Senator Mark Norris
9A Legislative Plaza,
Nashville, Tennessee 37243-0232
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By Tom Humphrey, KnoxvilleNews.com
April 8, 2014
NASHVILLE — The Senate Finance Committee approved on Tuesday Gov. Bill Haslam’s plan for launching a limited school voucher system in five Tennessee counties, including Knox.
The committee voted 8-2 for the bill (SB196), an indication it has enough support to clear the full Senate, though many believe support is considerably softer in the House. There, the measure still awaits a House Finance Committee vote — tentatively scheduled for Wednesday — with legislative leaders pushing for adjournment by next week.
The Tennessee Choice and Opportunity Scholarship Act, as the bill is named, would authorize state payments to private schools for up to 5,000 students in its first year of operation, expanding each year to a maximum of 20,000 statewide in the fourth year.
The students receiving vouchers would have to live in a school district with at least one “failing school,” or an institution ranked in the bottom 5 percent of schools statewide, and just five districts meet that standard — the Davidson, Hamilton, Hardeman, Knox and Shelby school systems.
The students would also have to be from low-income families entitled to receive free or reduced price lunch under federal standards.
Under Haslam’s original proposal, introduced last year, only students from a failing school would be eligible. Under the bill as modified this year, other students from low-income families within the same school district — for example, anywhere in Knox County — will become eligible on a first-come, first-served basis if the ceiling on numbers has not been reached in a given year.
Statewide the average state payment would be about $6,400 per student, though that would vary from district to district, Education Commissioner Kevin Huffman told the committee.
Senate Democratic Leader Jim Kyle of Memphis told Huffman that vouchers appear to be creating a situation for the state where “we are competing against ourselves.”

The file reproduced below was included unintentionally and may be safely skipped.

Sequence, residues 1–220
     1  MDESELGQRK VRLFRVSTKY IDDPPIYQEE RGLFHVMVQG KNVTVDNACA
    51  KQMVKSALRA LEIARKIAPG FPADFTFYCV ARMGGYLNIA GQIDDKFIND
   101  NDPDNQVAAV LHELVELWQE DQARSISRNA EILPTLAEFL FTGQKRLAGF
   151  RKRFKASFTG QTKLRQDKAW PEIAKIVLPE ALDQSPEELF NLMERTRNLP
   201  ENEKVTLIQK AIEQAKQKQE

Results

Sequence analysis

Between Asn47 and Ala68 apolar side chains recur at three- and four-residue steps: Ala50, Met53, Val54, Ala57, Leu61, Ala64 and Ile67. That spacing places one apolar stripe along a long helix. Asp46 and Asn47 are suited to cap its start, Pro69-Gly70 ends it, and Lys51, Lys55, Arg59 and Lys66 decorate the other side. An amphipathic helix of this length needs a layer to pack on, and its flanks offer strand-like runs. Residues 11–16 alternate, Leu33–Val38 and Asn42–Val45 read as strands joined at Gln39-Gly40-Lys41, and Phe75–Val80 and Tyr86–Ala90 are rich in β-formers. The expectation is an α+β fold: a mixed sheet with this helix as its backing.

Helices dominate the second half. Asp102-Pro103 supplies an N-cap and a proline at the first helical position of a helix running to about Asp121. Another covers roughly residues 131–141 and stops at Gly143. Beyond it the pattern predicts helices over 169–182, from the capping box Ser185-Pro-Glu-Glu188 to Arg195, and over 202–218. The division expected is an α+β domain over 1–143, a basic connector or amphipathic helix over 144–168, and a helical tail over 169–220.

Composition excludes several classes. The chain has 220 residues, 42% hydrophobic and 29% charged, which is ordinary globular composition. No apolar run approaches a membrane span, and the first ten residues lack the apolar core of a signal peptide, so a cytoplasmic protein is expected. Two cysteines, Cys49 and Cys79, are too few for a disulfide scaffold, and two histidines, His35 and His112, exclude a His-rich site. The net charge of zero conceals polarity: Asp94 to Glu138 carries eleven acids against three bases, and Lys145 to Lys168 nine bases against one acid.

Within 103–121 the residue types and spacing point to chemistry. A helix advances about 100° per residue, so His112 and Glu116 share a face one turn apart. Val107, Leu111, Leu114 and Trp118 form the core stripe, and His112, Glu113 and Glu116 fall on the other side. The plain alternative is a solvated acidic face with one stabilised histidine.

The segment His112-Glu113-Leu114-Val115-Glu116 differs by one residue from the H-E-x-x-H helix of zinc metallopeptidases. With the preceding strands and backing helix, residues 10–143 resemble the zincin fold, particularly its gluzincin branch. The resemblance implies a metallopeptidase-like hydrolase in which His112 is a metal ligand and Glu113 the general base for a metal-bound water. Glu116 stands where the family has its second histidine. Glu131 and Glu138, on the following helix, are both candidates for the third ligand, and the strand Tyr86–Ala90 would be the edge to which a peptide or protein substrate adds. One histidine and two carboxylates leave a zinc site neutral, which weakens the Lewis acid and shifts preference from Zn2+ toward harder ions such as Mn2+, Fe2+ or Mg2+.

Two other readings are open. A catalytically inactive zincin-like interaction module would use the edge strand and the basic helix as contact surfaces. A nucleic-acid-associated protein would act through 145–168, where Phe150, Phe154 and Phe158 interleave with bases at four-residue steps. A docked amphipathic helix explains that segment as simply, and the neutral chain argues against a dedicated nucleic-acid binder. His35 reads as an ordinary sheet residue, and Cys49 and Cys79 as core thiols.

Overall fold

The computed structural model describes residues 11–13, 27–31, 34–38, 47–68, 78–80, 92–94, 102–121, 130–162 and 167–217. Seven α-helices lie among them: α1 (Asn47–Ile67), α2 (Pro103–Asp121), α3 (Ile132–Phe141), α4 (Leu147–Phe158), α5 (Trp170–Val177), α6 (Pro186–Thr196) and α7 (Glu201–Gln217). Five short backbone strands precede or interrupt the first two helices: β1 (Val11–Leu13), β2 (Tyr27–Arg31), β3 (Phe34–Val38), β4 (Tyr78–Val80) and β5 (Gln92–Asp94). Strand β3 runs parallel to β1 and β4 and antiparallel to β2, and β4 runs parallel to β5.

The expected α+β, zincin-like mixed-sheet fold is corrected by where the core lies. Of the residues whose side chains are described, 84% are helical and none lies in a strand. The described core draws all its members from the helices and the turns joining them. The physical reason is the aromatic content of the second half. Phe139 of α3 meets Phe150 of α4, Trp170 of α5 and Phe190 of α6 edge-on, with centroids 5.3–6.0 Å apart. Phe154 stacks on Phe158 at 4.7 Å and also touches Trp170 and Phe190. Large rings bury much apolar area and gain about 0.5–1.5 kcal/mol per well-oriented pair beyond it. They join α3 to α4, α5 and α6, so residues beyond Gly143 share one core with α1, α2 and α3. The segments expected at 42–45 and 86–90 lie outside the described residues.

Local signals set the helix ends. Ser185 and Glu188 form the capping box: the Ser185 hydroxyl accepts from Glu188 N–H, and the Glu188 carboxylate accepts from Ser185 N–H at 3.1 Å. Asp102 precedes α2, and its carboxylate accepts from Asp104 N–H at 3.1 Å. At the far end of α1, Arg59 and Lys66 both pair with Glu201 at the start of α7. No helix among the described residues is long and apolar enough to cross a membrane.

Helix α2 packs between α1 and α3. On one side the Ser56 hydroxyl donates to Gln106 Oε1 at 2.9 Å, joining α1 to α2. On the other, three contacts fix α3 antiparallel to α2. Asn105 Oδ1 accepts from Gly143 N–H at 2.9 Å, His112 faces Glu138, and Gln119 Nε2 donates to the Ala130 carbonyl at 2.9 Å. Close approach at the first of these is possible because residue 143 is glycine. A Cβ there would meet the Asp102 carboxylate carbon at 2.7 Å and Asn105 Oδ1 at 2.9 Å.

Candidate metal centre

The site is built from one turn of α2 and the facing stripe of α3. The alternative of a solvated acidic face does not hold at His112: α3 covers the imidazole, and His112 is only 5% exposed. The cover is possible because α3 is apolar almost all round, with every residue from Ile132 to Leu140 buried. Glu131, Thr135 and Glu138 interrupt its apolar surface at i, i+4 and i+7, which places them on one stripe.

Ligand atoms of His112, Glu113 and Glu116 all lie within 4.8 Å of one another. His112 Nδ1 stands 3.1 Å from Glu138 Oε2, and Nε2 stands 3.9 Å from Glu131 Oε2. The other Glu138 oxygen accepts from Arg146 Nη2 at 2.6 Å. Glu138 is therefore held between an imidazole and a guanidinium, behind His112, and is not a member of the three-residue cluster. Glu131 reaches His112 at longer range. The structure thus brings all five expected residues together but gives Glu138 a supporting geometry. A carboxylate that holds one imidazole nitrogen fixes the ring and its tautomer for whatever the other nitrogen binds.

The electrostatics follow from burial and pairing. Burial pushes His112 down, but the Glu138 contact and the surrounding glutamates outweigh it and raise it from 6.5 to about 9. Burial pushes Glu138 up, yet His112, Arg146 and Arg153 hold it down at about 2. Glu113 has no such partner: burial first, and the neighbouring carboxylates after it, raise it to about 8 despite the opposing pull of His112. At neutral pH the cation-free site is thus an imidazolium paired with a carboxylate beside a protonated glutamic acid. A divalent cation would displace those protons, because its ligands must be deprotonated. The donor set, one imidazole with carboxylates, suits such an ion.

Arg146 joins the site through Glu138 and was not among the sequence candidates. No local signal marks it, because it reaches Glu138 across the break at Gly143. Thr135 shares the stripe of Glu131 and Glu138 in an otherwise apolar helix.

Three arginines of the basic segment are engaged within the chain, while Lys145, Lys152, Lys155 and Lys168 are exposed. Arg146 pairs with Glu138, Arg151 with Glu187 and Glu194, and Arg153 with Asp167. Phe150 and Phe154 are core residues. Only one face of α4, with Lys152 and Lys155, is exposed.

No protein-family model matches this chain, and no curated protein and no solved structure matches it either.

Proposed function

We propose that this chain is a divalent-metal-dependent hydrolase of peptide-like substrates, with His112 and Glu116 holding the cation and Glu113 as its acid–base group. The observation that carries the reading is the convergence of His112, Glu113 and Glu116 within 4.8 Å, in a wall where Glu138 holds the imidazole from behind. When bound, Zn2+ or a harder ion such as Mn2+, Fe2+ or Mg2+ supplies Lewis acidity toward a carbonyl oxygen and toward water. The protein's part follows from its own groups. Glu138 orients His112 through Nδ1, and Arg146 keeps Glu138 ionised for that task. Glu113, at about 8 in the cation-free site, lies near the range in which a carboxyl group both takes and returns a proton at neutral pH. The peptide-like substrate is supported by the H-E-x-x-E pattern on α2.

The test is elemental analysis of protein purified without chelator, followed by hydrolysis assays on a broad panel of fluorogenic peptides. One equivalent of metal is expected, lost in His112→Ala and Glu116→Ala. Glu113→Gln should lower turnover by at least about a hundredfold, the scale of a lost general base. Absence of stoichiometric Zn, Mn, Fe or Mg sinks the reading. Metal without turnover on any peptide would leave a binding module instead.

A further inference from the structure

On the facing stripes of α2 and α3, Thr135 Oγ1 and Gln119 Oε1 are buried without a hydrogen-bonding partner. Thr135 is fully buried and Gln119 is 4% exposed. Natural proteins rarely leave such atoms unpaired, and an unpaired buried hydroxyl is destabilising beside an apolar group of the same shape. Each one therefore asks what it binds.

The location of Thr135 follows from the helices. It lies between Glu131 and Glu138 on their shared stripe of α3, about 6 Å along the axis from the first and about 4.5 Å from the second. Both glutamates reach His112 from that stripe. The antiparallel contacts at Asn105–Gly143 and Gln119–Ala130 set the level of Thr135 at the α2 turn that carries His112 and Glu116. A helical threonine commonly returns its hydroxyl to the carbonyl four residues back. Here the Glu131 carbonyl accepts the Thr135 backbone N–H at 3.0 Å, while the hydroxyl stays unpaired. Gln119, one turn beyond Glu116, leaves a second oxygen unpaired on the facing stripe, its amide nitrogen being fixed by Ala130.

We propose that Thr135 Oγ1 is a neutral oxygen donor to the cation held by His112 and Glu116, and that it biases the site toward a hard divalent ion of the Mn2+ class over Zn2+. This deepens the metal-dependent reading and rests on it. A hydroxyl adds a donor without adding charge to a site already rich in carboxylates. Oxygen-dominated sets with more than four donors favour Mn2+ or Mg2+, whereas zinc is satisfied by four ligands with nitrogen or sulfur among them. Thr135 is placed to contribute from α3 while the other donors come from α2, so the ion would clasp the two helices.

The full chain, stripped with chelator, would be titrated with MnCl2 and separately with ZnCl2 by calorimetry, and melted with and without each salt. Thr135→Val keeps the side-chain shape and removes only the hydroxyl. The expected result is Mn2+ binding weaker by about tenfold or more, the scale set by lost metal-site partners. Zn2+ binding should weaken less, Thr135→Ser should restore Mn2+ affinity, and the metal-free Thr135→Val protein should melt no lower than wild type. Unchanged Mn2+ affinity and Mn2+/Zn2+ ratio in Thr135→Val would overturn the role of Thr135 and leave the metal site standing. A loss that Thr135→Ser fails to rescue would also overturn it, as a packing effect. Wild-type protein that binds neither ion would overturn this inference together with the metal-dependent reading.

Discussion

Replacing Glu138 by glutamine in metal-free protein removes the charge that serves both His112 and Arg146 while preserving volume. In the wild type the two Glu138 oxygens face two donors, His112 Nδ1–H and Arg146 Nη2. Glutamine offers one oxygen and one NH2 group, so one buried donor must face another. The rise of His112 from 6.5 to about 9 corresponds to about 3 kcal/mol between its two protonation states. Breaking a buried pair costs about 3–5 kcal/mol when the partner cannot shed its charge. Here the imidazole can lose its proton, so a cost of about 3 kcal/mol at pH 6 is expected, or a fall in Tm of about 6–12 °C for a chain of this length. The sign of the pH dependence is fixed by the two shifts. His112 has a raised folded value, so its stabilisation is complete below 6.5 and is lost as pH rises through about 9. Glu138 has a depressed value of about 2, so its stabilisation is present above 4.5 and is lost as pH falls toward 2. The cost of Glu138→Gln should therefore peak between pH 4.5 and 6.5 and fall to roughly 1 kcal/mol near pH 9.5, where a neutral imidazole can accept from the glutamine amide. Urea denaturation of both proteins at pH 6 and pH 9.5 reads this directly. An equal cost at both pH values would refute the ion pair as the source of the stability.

He noted that Memphis already has the state-funded Achievement School District in place for students attending failing schools and the state is at the same time paying charter schools for each student enrolled and paying out-of-county virtual schools for each student enrolled.
All will be taking money from a public school system that will not see any substantial reduction in operating expenses. And some private schools are also seeking such students, he said.
“And what are they leaving behind?” he asked, suggesting there could be a “calamity” with taxpayers statewide sharing the burden of underwriting costs for Shelby County schools, where the state’s largest concentration of eligible students is found.
As far as competition for students among many entities, Huffman said, “We are substantially putting our money where our mouth is. We are not afraid of the competition.”
“I believe we are starting down the road without knowing where we are going to end up,” Kyle said. “There has got to be an end game so that we know what we’re doing.”
Senate Majority Leader Mark Norris, R-Collierville, who is sponsoring the bill for the Haslam administration, conceded that the “end game” is not clear on vouchers.
“But there also has to be a point of beginning,” Norris said, adding that children who could be positively impacted are “aging out and moving on” the more time legislators spend in launching a program.
“The period of time anyone has to work with a child’s life is very limited,” he said. “Either we have been able to touch them in a positive way or we haven’t.”
The bill is ardently pushed by several national education reform organizations that have hired lobbyists. Last year, those organizations pushed a much broader bill and both that measure and the governor’s bill failed. This year, most have united behind the Haslam bill as amended.